Its root laid in traditional kung fu which someone claim is thousands of years old.

Some historians see a link between modern Sanshou and tournaments traditionally held throughout china for thousands of years by kung fu and martial arts masters called “Sanda” or “free fighting” to decide who the greatest fighter was.

Traditionally, matches were between two contestants fighting on a platform called “Lei tai” typically, fight ended at the death of looser. Today, Sanshou fights are generally fought with in boxing rings or mats.

Re – Emergence:

In 1949, when communism took over Chinese culture functions. The only allowed was wushu, a more acrobatic or non combative type of kung fu. Some credit the emergence of more combative martial arts to Chinese military who realized it needed an effective hand to hand combat system and utilize various martial arts masters to create a combat system.

In time, soldiers wanted to test martial skills and developed a competitive event rules, such as the use of gloves and limited extreme strikes to the eyes, spine and back of the head were developed. The Chinese wushu federation is also credited with helping create Sanshou competitions since it refine the more brutal techniques from the military and created a civilian amateur competition.

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Today, Sanshou is practised in tournaments normally with wushu competitions clinching or when the fighters hold each other is allowed only for a few seconds so the action of the fight is constant. Sanshou become more popular in the world in 1990s. Sanshou is still taught in the Chinese army, in china and in martial art schools throughout the United States, Canada, Europe, the Middle East and Asia.

Sports History

Sanda/Sanshou is a Chinese hand to hand self defense system and combat sport. Not seem as a style itself, rather it is a considered as just one of two components of Chinese martial arts training and is often taught along side with Talou (forms) training. However, as part of the development of sport wushu by Chinese government, a standard curriculum for Sanshou was developed. It is this standard curriculum that the term “Sanshou” is usually applied.

The curriculum was developed with the Chinese military experiences in close range and hand to hand combat with reference to traditional Chinese martial arts. This general Sanshou curriculum varies in its different forms, as the Chinese government developed a version for civilians for self defense and as a sport.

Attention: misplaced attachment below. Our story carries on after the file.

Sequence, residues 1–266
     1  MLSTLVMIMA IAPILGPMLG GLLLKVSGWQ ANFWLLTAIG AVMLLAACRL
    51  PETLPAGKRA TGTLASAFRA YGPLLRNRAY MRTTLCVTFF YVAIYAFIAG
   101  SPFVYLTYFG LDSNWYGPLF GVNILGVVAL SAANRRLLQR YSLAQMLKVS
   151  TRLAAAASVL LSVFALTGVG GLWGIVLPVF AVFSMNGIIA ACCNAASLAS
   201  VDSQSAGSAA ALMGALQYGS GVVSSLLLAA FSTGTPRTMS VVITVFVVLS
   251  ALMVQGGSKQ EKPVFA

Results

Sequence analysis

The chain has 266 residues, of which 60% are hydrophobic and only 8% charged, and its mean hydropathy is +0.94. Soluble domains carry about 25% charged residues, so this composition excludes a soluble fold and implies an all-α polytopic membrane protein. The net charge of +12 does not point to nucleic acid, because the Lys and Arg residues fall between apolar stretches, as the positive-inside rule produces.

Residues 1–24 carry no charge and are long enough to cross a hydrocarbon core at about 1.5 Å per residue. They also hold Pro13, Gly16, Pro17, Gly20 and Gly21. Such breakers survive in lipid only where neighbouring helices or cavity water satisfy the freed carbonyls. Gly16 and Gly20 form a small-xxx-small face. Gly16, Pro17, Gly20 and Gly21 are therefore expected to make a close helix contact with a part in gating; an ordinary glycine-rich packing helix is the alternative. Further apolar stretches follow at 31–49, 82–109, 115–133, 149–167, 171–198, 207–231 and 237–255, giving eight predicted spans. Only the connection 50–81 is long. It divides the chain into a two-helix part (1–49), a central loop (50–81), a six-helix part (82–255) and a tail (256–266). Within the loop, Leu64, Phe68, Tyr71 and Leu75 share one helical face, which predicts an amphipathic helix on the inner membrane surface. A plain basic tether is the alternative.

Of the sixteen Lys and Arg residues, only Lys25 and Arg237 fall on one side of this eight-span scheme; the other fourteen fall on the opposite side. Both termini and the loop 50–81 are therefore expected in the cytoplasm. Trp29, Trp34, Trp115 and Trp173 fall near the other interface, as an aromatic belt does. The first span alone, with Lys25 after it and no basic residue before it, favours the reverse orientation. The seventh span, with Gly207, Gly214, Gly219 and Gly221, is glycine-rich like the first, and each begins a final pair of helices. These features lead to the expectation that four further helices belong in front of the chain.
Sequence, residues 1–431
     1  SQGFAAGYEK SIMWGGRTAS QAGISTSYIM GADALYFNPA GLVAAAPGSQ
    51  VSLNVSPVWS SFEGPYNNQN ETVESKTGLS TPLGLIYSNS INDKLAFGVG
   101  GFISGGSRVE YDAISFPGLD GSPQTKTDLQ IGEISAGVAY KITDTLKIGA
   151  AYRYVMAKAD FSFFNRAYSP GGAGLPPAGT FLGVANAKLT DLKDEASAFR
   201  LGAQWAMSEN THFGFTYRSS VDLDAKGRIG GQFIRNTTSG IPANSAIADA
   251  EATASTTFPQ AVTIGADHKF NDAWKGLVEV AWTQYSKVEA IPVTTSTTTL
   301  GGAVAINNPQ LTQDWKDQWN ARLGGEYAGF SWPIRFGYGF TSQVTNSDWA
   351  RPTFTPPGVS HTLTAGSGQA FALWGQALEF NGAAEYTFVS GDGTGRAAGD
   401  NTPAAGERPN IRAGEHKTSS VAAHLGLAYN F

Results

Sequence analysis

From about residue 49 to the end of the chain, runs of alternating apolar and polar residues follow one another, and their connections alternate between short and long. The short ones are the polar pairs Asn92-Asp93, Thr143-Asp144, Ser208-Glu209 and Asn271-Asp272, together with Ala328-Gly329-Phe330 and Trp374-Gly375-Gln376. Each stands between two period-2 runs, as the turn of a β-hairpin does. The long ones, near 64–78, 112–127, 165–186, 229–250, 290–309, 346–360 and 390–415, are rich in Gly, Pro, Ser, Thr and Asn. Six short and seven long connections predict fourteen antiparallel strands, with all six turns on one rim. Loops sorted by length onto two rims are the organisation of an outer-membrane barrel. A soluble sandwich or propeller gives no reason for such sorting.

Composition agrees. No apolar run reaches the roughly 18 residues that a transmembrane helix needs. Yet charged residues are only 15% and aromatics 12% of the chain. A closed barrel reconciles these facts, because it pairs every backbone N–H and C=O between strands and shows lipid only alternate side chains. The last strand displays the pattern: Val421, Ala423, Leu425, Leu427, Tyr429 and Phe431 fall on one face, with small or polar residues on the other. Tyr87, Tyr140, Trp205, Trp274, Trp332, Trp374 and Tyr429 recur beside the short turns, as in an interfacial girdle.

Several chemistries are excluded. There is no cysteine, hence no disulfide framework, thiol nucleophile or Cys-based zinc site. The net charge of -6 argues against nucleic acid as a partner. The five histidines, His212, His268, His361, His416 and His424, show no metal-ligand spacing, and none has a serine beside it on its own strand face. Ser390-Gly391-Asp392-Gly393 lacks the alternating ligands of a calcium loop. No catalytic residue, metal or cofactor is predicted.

The generalized modern curriculum practised in modern wushu school is composed of deferent traditional martial arts fighting styles from china, but mainly based on scientific efficiency. Sanshou is composed of Chinese martial arts applications including striking and grappling, however when Sanshou was developed as a sport, restrictions were made for safety reasons as well as to promote as a non violent sport.

Examples of such restrictions included no blows delivered to back of the head, spine or groin and the discontinuation of the combat when any of the fighters fall to the ground. However many schools, whether traditional or modern, practice it as an all round martial arts systems with no restrictions, only adapting their training in relation to competition rules prior to the event. Sanshou tournaments are one of two disciplines recognized by the international wushu federation.

For safety reasons some techniques from the self defense such as elbow strikes, chokes, joint locks are not allowed during tournaments. Competitors can win by knockout or points which are earn by landing strikes to the body or head, throwing an opponent, or when competition is held on a raised “Lei tai” platform, pushing them off the platform. Fighters are only allowed to clinch for a few seconds. If the clinch is not broken by the fighters, and if neither succeeds in throwing his opponent in the time limit, the referee will break the clinch.

In the U.S. competitions are held either in boxing rings or on raised “Lei tai” platform. Amateur fighters were protective gear. “Amateur Sanshou” allows kicks, punches and throws. If the rule set in refer to as “Sanda”, knees to the body also permitted. A competition held in china, called the “king of Sanda”, is held in a ring similar to a boxing ring in design but larger in dimension. As professionals, they wear no protective gear expect for gloves, cup and mouth piece, and are allow to use knee strikes (including to the head) as well as kicking, punching and throwing.